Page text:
types of nettle plants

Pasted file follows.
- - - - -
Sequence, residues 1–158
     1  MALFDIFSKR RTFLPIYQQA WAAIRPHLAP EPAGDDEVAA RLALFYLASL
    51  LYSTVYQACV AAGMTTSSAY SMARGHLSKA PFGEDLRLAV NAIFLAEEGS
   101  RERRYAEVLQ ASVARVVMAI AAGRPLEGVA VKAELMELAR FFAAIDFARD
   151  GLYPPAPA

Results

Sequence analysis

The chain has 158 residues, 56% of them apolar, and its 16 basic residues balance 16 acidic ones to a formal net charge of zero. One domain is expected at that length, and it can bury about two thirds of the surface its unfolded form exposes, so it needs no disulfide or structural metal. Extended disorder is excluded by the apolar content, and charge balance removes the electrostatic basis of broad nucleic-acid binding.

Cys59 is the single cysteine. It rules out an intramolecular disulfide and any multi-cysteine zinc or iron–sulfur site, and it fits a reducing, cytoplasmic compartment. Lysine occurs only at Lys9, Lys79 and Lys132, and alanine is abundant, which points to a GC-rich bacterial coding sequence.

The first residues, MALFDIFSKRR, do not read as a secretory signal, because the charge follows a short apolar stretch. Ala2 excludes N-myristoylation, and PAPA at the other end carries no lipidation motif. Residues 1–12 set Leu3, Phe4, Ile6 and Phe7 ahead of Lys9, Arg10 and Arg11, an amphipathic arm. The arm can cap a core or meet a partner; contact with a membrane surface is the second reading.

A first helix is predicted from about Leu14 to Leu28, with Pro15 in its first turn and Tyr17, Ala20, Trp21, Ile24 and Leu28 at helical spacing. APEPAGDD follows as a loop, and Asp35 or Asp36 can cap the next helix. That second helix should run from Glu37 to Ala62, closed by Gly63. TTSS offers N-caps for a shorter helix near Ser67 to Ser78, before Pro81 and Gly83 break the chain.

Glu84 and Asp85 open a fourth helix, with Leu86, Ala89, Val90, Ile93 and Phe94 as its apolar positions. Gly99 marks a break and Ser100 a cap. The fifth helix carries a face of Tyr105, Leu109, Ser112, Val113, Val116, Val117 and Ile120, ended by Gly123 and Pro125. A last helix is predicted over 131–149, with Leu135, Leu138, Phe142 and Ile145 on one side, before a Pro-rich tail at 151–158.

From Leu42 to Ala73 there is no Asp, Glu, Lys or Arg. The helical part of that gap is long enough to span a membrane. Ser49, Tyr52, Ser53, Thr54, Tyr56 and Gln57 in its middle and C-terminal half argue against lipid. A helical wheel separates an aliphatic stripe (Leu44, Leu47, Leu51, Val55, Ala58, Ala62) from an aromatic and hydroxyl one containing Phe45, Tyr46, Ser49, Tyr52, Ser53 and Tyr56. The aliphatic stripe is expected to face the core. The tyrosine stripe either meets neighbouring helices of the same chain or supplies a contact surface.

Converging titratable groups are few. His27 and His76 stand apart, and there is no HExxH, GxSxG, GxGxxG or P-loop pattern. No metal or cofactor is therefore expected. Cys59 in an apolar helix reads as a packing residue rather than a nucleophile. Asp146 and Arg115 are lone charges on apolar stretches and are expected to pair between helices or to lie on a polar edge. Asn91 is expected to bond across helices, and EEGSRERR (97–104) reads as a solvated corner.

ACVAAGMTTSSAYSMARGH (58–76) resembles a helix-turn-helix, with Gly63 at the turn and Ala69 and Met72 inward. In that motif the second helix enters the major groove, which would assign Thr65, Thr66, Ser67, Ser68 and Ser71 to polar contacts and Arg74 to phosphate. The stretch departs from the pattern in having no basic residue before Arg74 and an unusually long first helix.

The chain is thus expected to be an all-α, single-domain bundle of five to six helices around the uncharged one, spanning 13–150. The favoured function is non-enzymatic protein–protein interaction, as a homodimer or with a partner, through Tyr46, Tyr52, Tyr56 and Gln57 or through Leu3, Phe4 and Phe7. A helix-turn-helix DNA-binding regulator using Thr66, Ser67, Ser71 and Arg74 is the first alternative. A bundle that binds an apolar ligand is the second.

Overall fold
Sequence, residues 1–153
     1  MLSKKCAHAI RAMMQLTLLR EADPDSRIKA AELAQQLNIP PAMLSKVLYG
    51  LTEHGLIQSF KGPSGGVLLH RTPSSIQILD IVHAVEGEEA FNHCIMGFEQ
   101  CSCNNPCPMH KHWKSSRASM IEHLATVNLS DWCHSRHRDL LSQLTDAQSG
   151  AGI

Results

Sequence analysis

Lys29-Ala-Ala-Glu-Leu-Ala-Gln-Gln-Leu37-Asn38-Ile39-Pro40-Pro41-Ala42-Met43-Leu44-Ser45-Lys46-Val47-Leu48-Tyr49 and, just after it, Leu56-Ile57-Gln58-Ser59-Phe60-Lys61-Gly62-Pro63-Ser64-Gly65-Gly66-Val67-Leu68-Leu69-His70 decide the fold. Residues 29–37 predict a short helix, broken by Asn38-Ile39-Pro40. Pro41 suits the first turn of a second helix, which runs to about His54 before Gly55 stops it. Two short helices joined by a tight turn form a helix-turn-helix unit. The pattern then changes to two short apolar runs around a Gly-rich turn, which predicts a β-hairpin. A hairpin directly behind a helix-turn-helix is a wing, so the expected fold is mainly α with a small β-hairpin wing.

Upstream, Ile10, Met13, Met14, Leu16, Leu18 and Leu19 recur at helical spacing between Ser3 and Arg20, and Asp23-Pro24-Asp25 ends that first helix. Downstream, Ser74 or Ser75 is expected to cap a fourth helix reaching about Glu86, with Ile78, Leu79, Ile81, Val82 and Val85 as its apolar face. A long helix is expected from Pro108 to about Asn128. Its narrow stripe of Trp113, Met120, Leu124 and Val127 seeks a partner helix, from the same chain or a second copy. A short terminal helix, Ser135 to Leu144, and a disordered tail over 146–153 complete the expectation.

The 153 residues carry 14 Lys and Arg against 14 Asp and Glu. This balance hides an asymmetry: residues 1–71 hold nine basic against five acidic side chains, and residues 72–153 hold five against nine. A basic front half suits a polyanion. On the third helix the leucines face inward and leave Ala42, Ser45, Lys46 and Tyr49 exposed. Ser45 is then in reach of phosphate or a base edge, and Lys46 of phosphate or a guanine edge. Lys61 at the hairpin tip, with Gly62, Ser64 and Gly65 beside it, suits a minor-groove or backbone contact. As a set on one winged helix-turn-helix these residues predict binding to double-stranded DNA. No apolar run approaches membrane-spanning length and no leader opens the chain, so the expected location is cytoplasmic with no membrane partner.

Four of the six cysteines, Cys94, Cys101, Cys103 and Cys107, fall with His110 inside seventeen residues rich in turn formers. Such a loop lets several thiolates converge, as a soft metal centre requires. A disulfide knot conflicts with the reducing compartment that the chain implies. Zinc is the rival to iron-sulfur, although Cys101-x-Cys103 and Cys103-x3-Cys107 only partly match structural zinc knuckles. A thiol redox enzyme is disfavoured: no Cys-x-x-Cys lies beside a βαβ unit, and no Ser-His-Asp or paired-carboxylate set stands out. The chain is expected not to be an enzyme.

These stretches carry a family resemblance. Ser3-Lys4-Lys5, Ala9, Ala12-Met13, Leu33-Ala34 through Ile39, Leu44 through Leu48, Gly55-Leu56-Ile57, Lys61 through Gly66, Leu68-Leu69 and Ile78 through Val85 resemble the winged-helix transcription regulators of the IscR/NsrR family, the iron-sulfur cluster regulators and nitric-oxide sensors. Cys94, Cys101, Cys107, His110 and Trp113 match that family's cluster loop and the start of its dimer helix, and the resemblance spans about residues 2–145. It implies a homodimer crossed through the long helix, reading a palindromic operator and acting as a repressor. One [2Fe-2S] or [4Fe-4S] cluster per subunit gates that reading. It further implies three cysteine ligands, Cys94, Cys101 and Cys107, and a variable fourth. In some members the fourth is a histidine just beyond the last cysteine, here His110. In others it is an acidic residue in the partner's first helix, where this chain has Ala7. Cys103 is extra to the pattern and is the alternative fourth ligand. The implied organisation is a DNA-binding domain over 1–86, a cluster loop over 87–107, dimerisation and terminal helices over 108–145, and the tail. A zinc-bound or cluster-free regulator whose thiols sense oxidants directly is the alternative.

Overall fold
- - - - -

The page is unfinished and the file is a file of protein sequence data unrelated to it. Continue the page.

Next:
North American distribution, attributed to U. S. Department of Agriculture. [44], In indigenous justice systems in Ecuador, urtication was used as punishment for severe crimes in 2010. For more in-depth information (e.g. It grows in abundance in the Pacific Northwest, especially in places where annual rainfall is high. nettle (Urtica dioica, Laportea canadensis; NETTLE FAMILY [Urticaceae]) Two distinct but related species, each with stinging hairs. The competition dates back to 1986, when two neighbouring farmers attempted to settle a dispute about which had the worst infestation of nettles. The common nettle, as described before, is the one most likely found around the hedgerows followed by the dwarf nettle. Minerals (Ca, K, Mg, P, Si, S, Cl) and trace elements (Ti, 80 ppm,[55] Mn, Cu, Fe) contents depend mostly on the soil and the season. [34] Nettle soup is a common use of the plant, particularly in Northern and Eastern Europe. The roots are sometimes eaten by the larva of the ghost moth (Hepialus humuli). Thereare also differences in the characteristics of their flowers. .hide-if-no-js { Stinging nettle (Urtica dioica) has opposite, elongate, coarsely toothed leaves and is found on dry disturbed sites. It is possible that the sash was traded from mainland Europe, but perhaps more probable that it was locally made. Stinging nettle is dioecious, which means plants can have either male or female flowers. [51], Nettles may be used as a dye-stuff, producing yellow from the roots, or yellowish green from the leaves. I felt good after a day and pain of arthritis is gone! var notice = document.getElementById("cptch_time_limit_notice_88"); Formerly, more species were recognised than are now accepted. [1] It is abundant in northern Europe and much of Asia, usually found in the countryside. Nettle was believed to be a galactagogue – a substance that promotes lactation. There are many other varieties of nettle that you can grow, but stinging nettle is the most common. I have not heard of “Indian nettle.” An internet search turned up information on wikipedia for Acalypha indica. Stinging nettle, (Urtica dioica), also called common nettle, weedy perennial plant of the nettle family (Urticaceae), known for its stinging leaves. +  Though it was once localized to Europe, Asia, and parts of North Africa, nettle is now found all over the world. [33] The leaves are also dried and may then be used to make a herbal tea, as can also be done with the nettle's flowers. The nettle has … The cist dated from between 1730 and 1600 BC. Many folks know of its medicinal and edible qualities and enjoy foraging for it. Standard deviations are given in brackets. ten Stinging nettle, Urtica dioica, has leaves and stems with tiny, hollow, tipped hairs. Although nutritious, it is not widely eaten by either wildlife or livestock, presumably because of the sting. It spreads by abundant seeds and also by rhizomes, and is often able to survive and re-establish quickly after fire. Dead nettle is one of those plants that almost has everything going for it, until it doesn’t. The top baby leaves are selected and simmered, then mixed with other ingredients such as herbs and rice, before being used as a filling between dough layers. [31] In its peak season, nettle contains up to 25% protein, dry weight, which is high for a leafy green vegetable. The New Zealand tree nettle (Urtica ferox), showing secretory (glandular), or stinging, hairs (trichomes). The inflorescence shape is reflected in its scientific name — Boehmeria cylindrica — as the flowers are grouped in cylindrical shapes along the stem. Time limit is exhausted. I supposed what I have in my garden is clearweed. Clearweed does not have any stinging hairs at all. Dandelions (Leontodon taraxacum) Dandelions are a harbinger of spring. })(120000); [31] Soaking stinging nettles in water or cooking removes the stinging chemicals from the plant, which allows them to be handled and eaten without injury. nutrition, medicinal values, recipes, historical information, harvesting tips, etc.) In French, the idiom faut pas pousser mémé dans les orties (don't push grandma in the nettles) means that we should be careful not to abuse a situation. Stinging nettles are plants that are commonly found in many areas of the world. [73], Urtica is derived from a Latin word meaning 'sting'. The metaphor may refer to the fact that if a nettle plant is grasped firmly rather than brushed against, it does not sting so readily, because the hairs are crushed down flat and do not penetrate the skin so easily.[24]. When we look at the leaves we can see how very similar they are in shape.  Clearweed’s leaves are smooth and somewhat glossy while both stinging nettle and wood nettle have “rougher” looking leaves. The taxonomy of Urtica species has been confused, and older sources are likely to use a variety of systematic names for these plants. Nettles are the larval food plant for several species of butterflies, such as the peacock butterfly,[14] comma (Polygonia c-album), and the small tortoiseshell. Due to the variable fibre content, the fibre yields vary between 0.2 and 7 dt / ha, but the yields are normally in the range between 2 and 4 dt / ha. In North America, it is widely distributed in Canada and the United States, where it is found in every province and state except for Hawaii, and also can be found in northernmost Mexico. It contained various high value beads as well as fragments of a sash made from nettle fibre. [53] Mature leaves contain about 40% α- linolenic acid, a valuable omega-3 acid. It may be of interest to note that not all species of stinging nettle have literal stinging properties. As the name implies, stinging nettle has the capacity to irritate and blister when it comes into contact with skin. Probably the most commonly known and recognized member of the Nettle Family (Urticaceae) is stinging nettle (Urtica dioica).  Many folks know of its medicinal and edible qualities and enjoy foraging for it.  Stinging nettle can be found throughout North America, Europe, Asia and North Africa. Nettle, also known as Urtica dioica, common, or stinging nettle, is an herbaceous flowering plant. Wonder why the clear weed took over, but it can still be harvested and consumed. [57] The highest vitamin contents can be found in the leaves.[53]. 170, Frankh-Kosmos Verlags-GmbH & Co, Stuttgart 2003. Stinging nettle can be found throughout North America, Europe, Asia and North Africa. May Reduce Inflammation. The sentenced perpetrator of a crime was flogged with stinging nettle, in public, naked, whilst being showered with freezing cold water. Young plants were harvested by Native Americans and used as a cooked plant in spring when other food plants were scarce. [74], Dioica is derived from Greek, meaning 'of two houses' (having separate staminate and pistillate plants; dioecious). [42], As Old English stiðe, nettle is one of the nine plants invoked in the pagan Anglo-Saxon Nine Herbs Charm, recorded in 10th century traditional medicine. It can also be categorized as a noxious weed. We have 310 images of 104 dead nettles in our Dead Nettles database. It is perhaps most troublesome in loose, newly cultivated soil, especially where phosphate levels are high. Pingback: Another nettle | Identify that Plant, Pingback: Stinging Nettle - ONE Clip Video. setTimeout( Male flowers can be yellow or purple, while female flowers are green and white. [50] Fibre varieties are normally cloning varieties and therefore planted from vegetative propagated plantlets. As the latin name of nettle (Urtica dioica) suggests (dioica means two houses) they produce two kind of plants - male and female. Dead Nettles: Plant Care and Collection of Varieties. Nettles are perennials; perennials are plants that last several years. I have stinging nettle on my property and I went out to harvest some today and now it is clear weed. The tall green plant, which resembles mint, is covered in delicate white flowers and tiny hairs. [23] In Seán O'Casey's Juno and the Paycock, one of the characters quotes Aesop "Gently touch a nettle and it'll sting you for your pains/Grasp it as a lad of mettle and soft as silk remains". "The Names of Plants". Here are some closer views of the False nettle … Nettle seeds are also used as an aphrodisiac that help enhance libido. Shakespeare's Hotspur urges that "out of this nettle, danger, we pluck this flower, safety" (Henry IV, part 1, Act II Scene 3). Whoever strips and eats the most stinging nettle leaves in a fixed time is the winner. Seeds contain much more fatty acid than leaves.[54]. The stinging nettle is the Red Admiral caterpillar's primary host plant and can attract migrating Red Admiral butterflies to a garden. Is their any difference between the strength of the sting from wood nettle and stinging nettle. [64][65] They are also one of the few plants that can tolerate, and flourish in, soils rich in poultry droppings. However, the Wood Nettle has some alternateleaves, while Stinging Nettle has pairs of opposite leaves only. The leaves have a strongly serrated margin, a cordate base, and an acuminate tip with a terminal leaf tooth longer than adjacent laterals. Required fields are marked *. As you can see in the wood nettle photo above (taken in early spring), the stems and underside of the leaves are covered with stinging hairs.   Stinging nettle has similar stinging hairs along its stems. Your email address will not be published. Stinging Nettle—Nature’s Antihistamine Herb - Ridge Haven Homestead %. [27] The idea was mentioned by William Camden in his book Britannia of 1586. Later in the year, the clearweed stem becomes more obviously translucent (“clear”) and flexible. Anothersimilar species, Boehmeria cylindrica(FalseNettle), also has opposite leaves, but it lacks stinging hairsaltogether. [53] Nettle contains much less carotenes and retinol than carrots, which contain 8.35 RE per g fresh weight. Cambridge University Press. [36], Nettles are used in Albania as part of the dough filling for the börek. Most herbivores are discouraged from grazing on this plant because of irritating toxins secreted by … There is a common idea in Great Britain that the nettle was introduced by the Romans. please check out our Stinging Nettle PDF magazine. In laying hens, nettle can be used as an egg yolk colorant instead of artificial pigments or other natural pigments (derived from marigold for yellow). ); Table 1: Fatty acid content of different plant organs of U. The fibres are coarser, however. Table 2: Carotenoid concentration of leaves of U. dioica (μg/ g dry weight). Click here to browse or search the plants in this database. Time limit is exhausted. The bull nettle plant is one of the many types of stinging nettles. function() { It bears small, greenish or brownish, numerous flowers in dense axillary inflorescences. The most common variety (Urtica dioica procera) is native to North America, being prolific in California and other areas of the western United States, and is referred to by a number of common names for its two mo… Harvesting nettle seeds. It is also eaten by the larvae of some moths including angle shades, buff ermine, dot moth, the flame, the gothic, grey chi, grey pug, lesser broad-bordered yellow underwing, mouse moth, setaceous Hebrew character, and small angle shades. However, the Indian nettle (or Stinging nettle) is most widespread, because the species, which originates from North America, was used by the Indians as a medicinal plant long before its introduction as an ornamental plant. [57][58][59] Feeding as little as 6.25 g dry nettle per kg feed is as effective as the synthetic pigments to colour the egg yolk. [3] It has widely spreading rhizomes and stolons, which are bright yellow, as are the roots.